Canada and U.S. now own GM.

Government Motors.

I’ll sell you my share.

Good now I dont haveto make my next payment if we own it :stuck_out_tongue:

$50 billion to save 19,000 jobs. Anyone have a calculator?

$2,631,579 per job saved.:frowning:

When do we get our company cars?

They can have my job for half of that. :wink:

Goodbye, GM
by Michael Moore

June 1, 2009

I write this on the morning of the end of the once-mighty General Motors. By high noon, the President of the United States will have made it official: General Motors, as we know it, has been totaled.

As I sit here in GM’s birthplace, Flint, Michigan, I am surrounded by friends and family who are filled with anxiety about what will happen to them and to the town. Forty percent of the homes and businesses in the city have been abandoned. Imagine what it would be like if you lived in a city where almost every other house is empty. What would be your state of mind?

It is with sad irony that the company which invented “planned obsolescence” – the decision to build cars that would fall apart after a few years so that the customer would then have to buy a new one – has now made itself obsolete. It refused to build automobiles that the public wanted, cars that got great gas mileage, were as safe as they could be, and were exceedingly comfortable to drive. Oh – and that wouldn’t start falling apart after two years. GM stubbornly fought environmental and safety regulations. Its executives arrogantly ignored the “inferior” Japanese and German cars, cars which would become the gold standard for automobile buyers. And it was hell-bent on punishing its unionized workforce, lopping off thousands of workers for no good reason other than to “improve” the short-term bottom line of the corporation. Beginning in the 1980s, when GM was posting record profits, it moved countless jobs to Mexico and elsewhere, thus destroying the lives of tens of thousands of hard-working Americans. The glaring stupidity of this policy was that, when they eliminated the income of so many middle class families, who did they think was going to be able to afford to buy their cars? History will record this blunder in the same way it now writes about the French building the Maginot Line or how the Romans cluelessly poisoned their own water system with lethal lead in its pipes.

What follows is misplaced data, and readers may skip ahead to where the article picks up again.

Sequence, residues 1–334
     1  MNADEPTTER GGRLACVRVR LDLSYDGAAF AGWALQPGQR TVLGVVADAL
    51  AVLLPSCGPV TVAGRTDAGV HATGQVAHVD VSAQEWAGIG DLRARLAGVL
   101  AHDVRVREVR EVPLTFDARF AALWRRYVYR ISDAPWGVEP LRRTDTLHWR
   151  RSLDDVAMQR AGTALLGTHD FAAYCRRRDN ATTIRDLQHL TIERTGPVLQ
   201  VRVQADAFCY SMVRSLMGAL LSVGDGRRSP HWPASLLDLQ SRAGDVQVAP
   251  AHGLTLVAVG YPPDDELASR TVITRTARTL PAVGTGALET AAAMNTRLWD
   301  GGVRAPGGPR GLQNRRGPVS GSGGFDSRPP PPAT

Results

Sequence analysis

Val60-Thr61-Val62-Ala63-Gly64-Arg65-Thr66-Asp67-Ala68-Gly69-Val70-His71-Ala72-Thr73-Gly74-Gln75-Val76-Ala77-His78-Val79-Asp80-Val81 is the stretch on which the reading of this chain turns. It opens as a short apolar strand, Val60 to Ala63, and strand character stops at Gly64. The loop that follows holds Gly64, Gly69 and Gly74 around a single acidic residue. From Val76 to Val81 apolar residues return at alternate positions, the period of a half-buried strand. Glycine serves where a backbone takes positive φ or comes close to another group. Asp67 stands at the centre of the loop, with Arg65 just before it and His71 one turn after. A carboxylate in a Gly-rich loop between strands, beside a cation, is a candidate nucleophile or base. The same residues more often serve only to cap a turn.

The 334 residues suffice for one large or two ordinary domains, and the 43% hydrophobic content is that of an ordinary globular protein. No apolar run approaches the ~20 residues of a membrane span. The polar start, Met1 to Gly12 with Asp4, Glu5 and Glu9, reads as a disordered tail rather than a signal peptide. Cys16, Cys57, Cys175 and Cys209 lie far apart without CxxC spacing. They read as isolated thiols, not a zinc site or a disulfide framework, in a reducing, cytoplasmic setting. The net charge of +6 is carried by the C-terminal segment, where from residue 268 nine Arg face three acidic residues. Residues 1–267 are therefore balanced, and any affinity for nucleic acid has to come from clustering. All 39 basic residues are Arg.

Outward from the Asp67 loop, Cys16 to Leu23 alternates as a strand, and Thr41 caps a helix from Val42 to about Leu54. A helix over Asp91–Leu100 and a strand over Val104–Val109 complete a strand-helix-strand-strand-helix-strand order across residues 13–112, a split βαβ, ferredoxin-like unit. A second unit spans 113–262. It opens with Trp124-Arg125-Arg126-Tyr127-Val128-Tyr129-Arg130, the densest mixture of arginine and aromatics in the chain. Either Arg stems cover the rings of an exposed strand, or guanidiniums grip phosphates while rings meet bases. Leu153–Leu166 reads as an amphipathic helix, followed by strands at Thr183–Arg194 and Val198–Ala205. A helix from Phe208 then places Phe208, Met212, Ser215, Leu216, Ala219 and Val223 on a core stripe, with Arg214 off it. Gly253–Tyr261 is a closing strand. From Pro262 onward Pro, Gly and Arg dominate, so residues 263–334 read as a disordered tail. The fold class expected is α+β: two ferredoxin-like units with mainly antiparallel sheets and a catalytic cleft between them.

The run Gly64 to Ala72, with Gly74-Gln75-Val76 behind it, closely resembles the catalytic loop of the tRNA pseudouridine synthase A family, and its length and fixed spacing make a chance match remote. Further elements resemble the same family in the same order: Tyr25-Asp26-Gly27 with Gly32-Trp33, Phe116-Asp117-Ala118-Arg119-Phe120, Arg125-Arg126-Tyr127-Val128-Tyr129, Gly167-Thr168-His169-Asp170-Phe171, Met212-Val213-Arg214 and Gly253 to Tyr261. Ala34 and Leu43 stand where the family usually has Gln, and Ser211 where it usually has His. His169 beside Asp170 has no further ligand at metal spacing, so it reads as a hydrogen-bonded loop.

So here we are at the deathbed of General Motors. The company’s body not yet cold, and I find myself filled with – dare I say it – joy. It is not the joy of revenge against a corporation that ruined my hometown and brought misery, divorce, alcoholism, homelessness, physical and mental debilitation, and drug addiction to the people I grew up with. Nor do I, obviously, claim any joy in knowing that 21,000 more GM workers will be told that they, too, are without a job.